“While death is strolling around Gorizia, meadows and trees bloom everywhere with overwhelming exuberance. It’s like being in the dressing room of a prima donna. However, the women, who are back in the kitchen and help to clean, smile embarrassed, “We are just doing our duty”. Sure, they forgot to add “For heaven's sake! Don’t mention the war!” ”
(Alice Schalek, Viennese journalist and writer, war correspondent)
“Oh Gorizia, you're cursed,” says the famous refrain of an anti-war song. Its anonymous author could not have condemned the war more clearly than by cursing one of Irredentism’s objectives. Four major offensives, and a minor one, preceded the sixth battle of the Isonzo, the only battle that led to immediate concrete results: the taking of Gorizia. Soldiers in the trenches, singing that refrain, cursed a symbol more than a city, rejecting a value system that supported the monarchy and the ongoing conflict.
Fear of execution could not suffice to launch an assault against machine guns, however. On 6th August 1916, when the Italian artillery opened fire on the Austrian positions, the infantry launched their attack "with fixed bayonets shouting Savoia", recounts Cecchino Ronconi, an Italian soldier who took part in the offensive, in his diary. He recalls how, when the attack was announced, some wept and others remained silent as if already resigned to their fate. Fatalism and obedience pervaded the minds of the soldiers so they could face such a terrible ordeal, but a sense of duty was not enough. It was in those days that Enrico Toti, in Monfalcone, launched an attack by throwing his crutch against the enemy. A railway worker who lost his leg in an accident at work, he had never given up, travelling long distances by bicycle, even as far as Sudan. When war broke out he wanted to join the rifle regiment despite being exonerated as an invalid. Apart from the private reasons of the hero, the resulting myth exalted by fascism and today’s interpretations, the fact remains that a mutilated man launched an attack against the enemy.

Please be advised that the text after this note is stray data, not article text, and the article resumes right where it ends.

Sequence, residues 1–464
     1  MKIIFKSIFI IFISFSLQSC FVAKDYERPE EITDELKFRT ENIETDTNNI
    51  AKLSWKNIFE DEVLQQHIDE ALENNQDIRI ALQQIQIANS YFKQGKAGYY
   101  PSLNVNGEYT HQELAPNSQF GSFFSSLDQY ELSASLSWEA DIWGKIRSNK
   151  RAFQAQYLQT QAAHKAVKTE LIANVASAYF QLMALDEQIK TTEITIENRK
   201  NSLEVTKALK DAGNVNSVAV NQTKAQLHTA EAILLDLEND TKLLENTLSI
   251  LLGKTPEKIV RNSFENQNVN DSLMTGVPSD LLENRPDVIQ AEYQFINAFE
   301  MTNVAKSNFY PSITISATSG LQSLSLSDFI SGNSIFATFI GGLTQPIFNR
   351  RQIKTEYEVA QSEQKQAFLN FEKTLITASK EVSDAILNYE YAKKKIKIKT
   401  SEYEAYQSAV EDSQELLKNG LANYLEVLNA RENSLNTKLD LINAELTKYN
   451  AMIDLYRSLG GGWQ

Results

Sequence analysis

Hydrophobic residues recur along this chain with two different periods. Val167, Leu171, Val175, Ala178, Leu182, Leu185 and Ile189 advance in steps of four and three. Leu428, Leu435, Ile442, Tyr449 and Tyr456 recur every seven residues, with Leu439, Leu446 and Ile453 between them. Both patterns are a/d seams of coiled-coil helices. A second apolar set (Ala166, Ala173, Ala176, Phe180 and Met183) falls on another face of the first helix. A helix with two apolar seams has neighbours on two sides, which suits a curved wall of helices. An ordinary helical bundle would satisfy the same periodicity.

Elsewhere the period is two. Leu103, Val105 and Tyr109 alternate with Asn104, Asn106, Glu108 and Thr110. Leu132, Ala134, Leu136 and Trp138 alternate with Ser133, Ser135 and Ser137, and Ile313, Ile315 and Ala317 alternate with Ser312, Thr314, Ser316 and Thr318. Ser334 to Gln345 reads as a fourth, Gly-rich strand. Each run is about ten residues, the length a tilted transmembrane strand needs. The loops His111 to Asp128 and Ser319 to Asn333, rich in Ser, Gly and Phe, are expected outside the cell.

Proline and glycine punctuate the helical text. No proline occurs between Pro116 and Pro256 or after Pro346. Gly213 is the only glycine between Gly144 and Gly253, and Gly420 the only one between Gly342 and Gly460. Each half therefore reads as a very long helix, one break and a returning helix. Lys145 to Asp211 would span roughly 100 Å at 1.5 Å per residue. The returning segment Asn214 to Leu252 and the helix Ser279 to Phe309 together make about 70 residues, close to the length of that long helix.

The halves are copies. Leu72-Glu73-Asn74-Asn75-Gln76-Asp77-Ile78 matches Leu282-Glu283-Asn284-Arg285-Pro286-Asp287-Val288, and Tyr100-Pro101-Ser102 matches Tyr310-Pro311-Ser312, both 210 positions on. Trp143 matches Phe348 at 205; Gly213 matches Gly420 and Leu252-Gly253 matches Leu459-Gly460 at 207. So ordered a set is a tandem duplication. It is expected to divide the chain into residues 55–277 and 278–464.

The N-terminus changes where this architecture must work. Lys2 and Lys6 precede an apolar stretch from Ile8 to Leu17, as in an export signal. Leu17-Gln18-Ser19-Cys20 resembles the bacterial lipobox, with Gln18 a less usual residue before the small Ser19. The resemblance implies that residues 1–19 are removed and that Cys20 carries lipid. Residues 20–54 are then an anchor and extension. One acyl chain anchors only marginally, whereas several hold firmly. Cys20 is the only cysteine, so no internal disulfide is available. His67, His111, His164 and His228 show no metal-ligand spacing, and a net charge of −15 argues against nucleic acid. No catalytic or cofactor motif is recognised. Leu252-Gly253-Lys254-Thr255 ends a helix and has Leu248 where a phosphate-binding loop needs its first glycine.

Not only the requirements of propaganda, but the need for victories, a great destiny in a secondary and regional front, meant that every success and sacrifice became legendary and men lived this story intensely, interpreting it to the last gesture. Indeed, until Caporetto, the war was fought by a compact Royal Italian Army, even though the aim was not to defend soldiers’ houses and families but, instead, to pursue rhetorical results. And even if the victory of Gorizia, with 51,000 fallen, wounded and missing on the Italian side, produced this song, as well as doubts in the infantry, the Italian army faced five more battles with the same commitment before giving in at the twelfth. The soldiers, in a new community in the trench, experienced the “collective tragedy” in the spirit of their time, maybe hating Gorizia, but fighting.